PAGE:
And she’s had a facelift! The blog… not me. As promised last week, I’m planning a bunch of new things for the blog in 2021 and here’s the first one.
However, the whole idea of getting a facelift is worthy of additional attention.
Living in Australia and working as a teacher, I could get a facelift if I wanted to and consider it my right as a woman, in order to feel better about myself. For the record, I have zero plans to get a facelift, ever. Although, I do sometimes plan to not do things that I end up doing.
Just before Christmas I was looking at my shelves and noting all the books I own that I have either never read or am partway through. I decided that once Christmas had come and gone I wouldn’t buy a single book until the end of 2021.
Unfortunately, Amazon is turning out to be my summer holiday’s Achilles’ heel, because I’ve already broken my resolve three times since Christmas.*
I blame Mikki Kendall. If she hadn’t written Hood Feminism: Notes from the Women that a Movement Forgot my resolve might not have initially crumbled into the quickly ensuing landslide of purchases since.
As previously explored on this blog, I spend a fair amount of time reading feminist texts, having first completed my own little personal research project on Biblical Femininity some years ago now.
As with all feminist texts I read, there will be ideas I agree with and those that don’t fit with my understanding of The Bible. Yet I was drawn to Kendall’s book because she’s clearly making some very valid points:
Just who is modern feminism fighting for?
Can we really say that all women’s lives are being improved by feminism or is it just the wealthy, white women?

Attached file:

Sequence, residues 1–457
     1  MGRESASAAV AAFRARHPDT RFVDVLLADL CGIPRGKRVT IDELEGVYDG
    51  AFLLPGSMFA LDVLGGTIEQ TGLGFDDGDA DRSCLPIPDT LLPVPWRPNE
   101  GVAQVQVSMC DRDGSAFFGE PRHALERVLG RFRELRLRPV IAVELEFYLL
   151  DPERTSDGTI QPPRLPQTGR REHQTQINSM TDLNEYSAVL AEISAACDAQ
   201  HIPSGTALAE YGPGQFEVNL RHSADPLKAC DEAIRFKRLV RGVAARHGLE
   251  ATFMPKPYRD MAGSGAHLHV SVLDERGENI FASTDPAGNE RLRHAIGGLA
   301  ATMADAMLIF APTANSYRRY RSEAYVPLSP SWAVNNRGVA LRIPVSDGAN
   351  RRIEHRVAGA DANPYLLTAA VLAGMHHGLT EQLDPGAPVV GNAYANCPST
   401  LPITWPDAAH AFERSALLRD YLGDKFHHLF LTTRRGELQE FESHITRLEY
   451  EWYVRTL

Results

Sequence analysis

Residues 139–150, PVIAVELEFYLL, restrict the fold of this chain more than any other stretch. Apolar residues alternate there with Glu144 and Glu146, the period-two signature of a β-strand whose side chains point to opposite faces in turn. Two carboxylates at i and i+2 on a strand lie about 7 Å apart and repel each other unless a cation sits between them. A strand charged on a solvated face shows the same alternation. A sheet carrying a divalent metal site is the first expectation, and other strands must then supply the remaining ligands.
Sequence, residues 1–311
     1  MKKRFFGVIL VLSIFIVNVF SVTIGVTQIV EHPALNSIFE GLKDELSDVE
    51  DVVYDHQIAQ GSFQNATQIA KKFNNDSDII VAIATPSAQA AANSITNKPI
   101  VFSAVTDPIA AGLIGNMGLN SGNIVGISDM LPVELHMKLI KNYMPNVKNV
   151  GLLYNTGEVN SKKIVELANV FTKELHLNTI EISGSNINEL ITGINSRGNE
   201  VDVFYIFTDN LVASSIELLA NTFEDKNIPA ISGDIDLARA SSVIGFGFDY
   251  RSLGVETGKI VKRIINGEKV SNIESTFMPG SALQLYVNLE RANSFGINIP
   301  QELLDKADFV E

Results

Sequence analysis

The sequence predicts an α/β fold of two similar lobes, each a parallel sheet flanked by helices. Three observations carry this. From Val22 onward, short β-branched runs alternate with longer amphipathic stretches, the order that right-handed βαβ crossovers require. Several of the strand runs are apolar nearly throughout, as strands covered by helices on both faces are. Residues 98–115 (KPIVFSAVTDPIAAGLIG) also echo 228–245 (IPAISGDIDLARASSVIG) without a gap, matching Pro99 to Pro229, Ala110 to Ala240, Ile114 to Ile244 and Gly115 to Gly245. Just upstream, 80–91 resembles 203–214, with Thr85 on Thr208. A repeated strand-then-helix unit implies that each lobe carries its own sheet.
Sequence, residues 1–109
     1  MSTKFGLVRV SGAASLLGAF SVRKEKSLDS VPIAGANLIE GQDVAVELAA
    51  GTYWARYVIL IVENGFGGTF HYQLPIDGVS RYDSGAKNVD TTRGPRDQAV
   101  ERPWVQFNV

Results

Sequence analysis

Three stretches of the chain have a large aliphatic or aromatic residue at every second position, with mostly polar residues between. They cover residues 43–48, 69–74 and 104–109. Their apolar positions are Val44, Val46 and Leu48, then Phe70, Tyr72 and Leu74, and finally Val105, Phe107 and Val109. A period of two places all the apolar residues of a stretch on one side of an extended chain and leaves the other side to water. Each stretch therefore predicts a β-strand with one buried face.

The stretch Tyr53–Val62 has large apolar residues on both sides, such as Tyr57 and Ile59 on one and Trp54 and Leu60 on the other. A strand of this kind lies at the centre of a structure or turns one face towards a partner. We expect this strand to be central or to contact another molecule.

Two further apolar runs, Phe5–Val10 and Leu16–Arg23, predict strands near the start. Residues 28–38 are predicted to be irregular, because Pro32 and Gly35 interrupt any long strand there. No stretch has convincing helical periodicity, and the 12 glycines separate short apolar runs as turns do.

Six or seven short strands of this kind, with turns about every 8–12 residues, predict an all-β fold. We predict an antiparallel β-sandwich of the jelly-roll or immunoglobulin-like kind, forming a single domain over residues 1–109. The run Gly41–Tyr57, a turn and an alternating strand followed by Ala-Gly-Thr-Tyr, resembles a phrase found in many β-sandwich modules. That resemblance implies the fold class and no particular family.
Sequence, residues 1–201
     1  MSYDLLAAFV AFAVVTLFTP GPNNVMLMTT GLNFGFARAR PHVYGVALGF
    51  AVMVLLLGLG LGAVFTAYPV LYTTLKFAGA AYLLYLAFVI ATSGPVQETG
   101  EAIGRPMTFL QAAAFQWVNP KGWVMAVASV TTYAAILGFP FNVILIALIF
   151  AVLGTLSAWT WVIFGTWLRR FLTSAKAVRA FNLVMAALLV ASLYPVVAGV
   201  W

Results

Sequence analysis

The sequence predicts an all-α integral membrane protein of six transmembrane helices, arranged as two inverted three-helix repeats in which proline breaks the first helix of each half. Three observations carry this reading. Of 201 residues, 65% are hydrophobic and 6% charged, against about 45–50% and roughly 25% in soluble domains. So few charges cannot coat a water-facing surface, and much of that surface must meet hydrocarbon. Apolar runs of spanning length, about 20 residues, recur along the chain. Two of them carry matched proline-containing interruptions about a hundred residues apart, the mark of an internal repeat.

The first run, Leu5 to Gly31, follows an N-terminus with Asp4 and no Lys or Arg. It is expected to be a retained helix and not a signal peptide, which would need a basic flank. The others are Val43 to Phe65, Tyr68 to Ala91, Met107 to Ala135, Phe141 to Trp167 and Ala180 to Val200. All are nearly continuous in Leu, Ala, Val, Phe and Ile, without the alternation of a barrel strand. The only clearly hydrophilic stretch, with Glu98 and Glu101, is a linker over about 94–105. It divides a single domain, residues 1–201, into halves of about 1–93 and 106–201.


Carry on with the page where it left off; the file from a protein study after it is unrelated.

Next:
I think of my sponsor children in Indonesia who I met in 2019. I didn’t meet their mothers but I know a good deal about their lives. I can’t see how modern feminism has achieved anything at all for them. A Christian organisation has done something though.
Of course, there are organisations outside of Christianity that provide assistance to women all around the globe; but there are definitely sections of the Church providing more for marginalised and poverty stricken women than the #metoo movement.
But I confess there are times when I know as a Christian I could do more.
I read stories about young Christian women around the globe who are forced to deny their faith and marry men who will take no refusal. Those that do refuse are usually killed on the spot.
What has modern feminism done for these young women?
What have I done?
Considering that I’m convinced God isn’t asking me to go work in areas around the globe where this behaviour is prevalent, I’m left knowing that this terrible atrocity is occurring to innocent women in the world, but am playing no role in assisting them.
That disturbs me, but I don’t know what to do about it.
And maybe God’s not asking me personally to do anything about it right now, other than pray. Even then though, it can be hard to know what to say. So as well as pray, perhaps I just need to reflect and think.
And perhaps when Kendall’s book arrives, she’ll give me some ideas.
Yours in troubled wondering,
* Ed: Between scheduling this post and it going live, I actually bought a fourth book.